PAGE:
Improving your epidural birth

November 18, 2010 at 8:46 am

Back in August, a close friend from college specifically requested that I do some posts for women like her who plan to have epidurals. So I wrote the first in a supposed series of “Improving your epidural birth” posts, encouraging pregnant women to “hire wisely” when choosing a care provider.

This morning I got feeling bad that I haven’t written any more posts for that series, and I suddenly realized that I have! In fact, the vast majority of the posts I’ve written over the last six months are on topics that would be of interest to all women, not just those who choose to forgo pharmaceutical pain relief in childbirth. And scanning three+ years of posts on my old blog brought up many more.

So, with all of that in mind, I give you some of my best tips for improving your epidural birth (besides carefully choosing a care provider), gleaned from my blog (and other helpful sites) over the years.

1) Prepare your body for pregnancy.

The more I learn, the more I realize that the groundwork for a really wonderful birth experience must be laid long before labor begins. When you nourish and take care of yourself, your body will be stronger and better able to perform its vital functions in pregnancy and childbirth. A strong, healthy body is much less likely to suffer complications that can have a detrimental and traumatic impact on your birth experience.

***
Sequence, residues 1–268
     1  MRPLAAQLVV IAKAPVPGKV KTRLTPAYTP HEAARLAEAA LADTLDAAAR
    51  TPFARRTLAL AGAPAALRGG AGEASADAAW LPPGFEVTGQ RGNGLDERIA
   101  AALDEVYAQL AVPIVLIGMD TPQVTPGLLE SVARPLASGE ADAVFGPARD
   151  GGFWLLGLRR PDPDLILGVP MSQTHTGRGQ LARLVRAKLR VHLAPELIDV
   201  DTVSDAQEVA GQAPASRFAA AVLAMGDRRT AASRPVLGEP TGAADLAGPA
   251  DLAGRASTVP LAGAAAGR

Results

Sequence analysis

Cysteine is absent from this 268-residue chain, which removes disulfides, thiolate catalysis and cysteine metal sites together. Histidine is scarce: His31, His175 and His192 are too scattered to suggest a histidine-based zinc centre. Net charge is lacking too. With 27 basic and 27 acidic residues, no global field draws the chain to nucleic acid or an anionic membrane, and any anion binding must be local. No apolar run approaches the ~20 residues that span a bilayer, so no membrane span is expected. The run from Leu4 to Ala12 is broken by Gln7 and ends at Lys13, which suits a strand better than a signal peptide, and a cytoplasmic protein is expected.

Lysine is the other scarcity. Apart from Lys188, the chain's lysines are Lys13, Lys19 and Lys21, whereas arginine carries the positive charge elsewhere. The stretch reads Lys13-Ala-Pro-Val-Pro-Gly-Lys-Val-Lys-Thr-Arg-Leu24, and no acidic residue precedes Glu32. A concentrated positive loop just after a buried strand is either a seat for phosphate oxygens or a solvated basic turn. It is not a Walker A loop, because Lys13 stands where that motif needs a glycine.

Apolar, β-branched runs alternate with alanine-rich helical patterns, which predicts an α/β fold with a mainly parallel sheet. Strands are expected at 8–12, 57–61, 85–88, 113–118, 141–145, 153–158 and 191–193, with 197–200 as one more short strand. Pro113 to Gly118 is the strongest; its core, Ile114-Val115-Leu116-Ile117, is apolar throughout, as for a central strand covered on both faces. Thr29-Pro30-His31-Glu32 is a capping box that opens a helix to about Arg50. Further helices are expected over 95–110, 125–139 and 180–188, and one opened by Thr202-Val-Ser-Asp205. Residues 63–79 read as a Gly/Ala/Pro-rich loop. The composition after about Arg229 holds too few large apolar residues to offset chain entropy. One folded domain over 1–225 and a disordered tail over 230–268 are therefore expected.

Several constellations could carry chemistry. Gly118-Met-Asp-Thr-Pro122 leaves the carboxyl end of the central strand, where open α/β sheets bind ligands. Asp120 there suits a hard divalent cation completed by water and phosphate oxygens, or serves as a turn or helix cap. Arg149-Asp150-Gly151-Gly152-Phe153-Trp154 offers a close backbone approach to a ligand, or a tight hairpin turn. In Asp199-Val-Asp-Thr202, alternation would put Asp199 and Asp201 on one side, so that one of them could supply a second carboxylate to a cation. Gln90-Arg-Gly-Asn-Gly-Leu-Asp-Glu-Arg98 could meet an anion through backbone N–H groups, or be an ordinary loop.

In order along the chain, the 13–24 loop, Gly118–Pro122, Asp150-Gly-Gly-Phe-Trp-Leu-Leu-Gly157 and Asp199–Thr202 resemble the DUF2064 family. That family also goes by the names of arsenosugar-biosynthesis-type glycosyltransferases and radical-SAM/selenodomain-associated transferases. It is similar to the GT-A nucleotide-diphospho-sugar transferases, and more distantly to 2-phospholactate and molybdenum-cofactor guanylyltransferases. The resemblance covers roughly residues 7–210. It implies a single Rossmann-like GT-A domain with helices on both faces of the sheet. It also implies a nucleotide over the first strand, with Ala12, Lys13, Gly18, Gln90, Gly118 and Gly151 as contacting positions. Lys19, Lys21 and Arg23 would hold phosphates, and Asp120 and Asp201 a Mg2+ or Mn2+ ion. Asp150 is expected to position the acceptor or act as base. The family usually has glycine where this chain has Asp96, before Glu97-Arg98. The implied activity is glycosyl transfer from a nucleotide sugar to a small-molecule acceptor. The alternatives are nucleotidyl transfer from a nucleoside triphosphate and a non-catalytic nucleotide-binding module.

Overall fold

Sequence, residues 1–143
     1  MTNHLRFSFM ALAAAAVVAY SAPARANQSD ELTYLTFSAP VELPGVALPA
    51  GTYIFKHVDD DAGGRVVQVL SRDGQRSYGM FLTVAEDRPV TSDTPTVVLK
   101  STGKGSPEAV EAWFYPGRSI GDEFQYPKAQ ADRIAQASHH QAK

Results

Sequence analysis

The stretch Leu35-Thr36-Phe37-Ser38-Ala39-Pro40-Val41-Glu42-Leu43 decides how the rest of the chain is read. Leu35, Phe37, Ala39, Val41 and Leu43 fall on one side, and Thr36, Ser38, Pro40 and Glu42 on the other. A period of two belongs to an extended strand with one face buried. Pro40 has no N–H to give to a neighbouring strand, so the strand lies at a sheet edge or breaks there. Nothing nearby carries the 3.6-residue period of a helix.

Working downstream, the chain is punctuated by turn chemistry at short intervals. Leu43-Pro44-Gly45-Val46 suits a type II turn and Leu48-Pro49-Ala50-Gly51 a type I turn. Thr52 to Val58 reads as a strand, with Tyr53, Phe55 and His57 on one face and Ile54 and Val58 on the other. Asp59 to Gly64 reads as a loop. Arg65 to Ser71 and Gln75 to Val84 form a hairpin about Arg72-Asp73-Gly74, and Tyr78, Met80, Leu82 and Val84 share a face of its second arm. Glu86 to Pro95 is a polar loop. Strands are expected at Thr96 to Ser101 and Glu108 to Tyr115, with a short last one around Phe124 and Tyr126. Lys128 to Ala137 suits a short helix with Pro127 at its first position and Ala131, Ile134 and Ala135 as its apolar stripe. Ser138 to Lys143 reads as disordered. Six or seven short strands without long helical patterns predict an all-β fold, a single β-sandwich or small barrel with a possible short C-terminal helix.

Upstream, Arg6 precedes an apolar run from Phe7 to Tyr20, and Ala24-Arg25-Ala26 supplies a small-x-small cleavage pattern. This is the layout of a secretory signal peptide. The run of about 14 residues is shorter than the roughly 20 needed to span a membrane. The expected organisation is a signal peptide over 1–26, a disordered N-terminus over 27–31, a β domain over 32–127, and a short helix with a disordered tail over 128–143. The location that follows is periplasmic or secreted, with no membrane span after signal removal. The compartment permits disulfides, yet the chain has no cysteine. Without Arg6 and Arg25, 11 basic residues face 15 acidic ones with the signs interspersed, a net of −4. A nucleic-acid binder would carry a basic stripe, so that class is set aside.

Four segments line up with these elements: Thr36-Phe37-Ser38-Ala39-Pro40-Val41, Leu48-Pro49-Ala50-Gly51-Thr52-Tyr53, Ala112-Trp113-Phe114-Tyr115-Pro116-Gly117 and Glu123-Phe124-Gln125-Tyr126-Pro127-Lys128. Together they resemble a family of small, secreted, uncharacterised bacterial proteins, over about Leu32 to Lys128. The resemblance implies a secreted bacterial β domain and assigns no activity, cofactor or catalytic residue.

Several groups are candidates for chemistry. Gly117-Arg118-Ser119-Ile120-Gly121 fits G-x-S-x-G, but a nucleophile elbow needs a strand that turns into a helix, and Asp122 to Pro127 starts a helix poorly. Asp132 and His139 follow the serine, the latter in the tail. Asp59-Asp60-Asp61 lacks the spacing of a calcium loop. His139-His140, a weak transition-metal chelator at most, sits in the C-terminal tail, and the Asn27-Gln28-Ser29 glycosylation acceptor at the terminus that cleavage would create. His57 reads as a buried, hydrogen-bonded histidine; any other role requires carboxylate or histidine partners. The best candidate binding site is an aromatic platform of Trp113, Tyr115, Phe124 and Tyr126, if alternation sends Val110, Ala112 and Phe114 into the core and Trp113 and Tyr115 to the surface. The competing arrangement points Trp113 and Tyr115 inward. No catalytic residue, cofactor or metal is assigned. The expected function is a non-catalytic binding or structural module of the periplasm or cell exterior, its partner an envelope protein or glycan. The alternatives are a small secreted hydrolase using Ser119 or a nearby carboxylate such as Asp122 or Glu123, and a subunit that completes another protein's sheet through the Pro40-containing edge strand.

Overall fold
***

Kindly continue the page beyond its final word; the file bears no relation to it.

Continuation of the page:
Many of the same things that will best prepare your body for a healthy pregnancy will also improve your chances of conceiving—eating a diet rich in fruits and vegetables and low on processed foods, maintaining a healthy weight, optimizing your body’s levels of key nutrients (vitamin d, magnesium, essential fatty acids, and folate).  Making these dietary and lifestyle changes habits before conception will make them much easier to maintain throughout the coming pregnancy and beyond.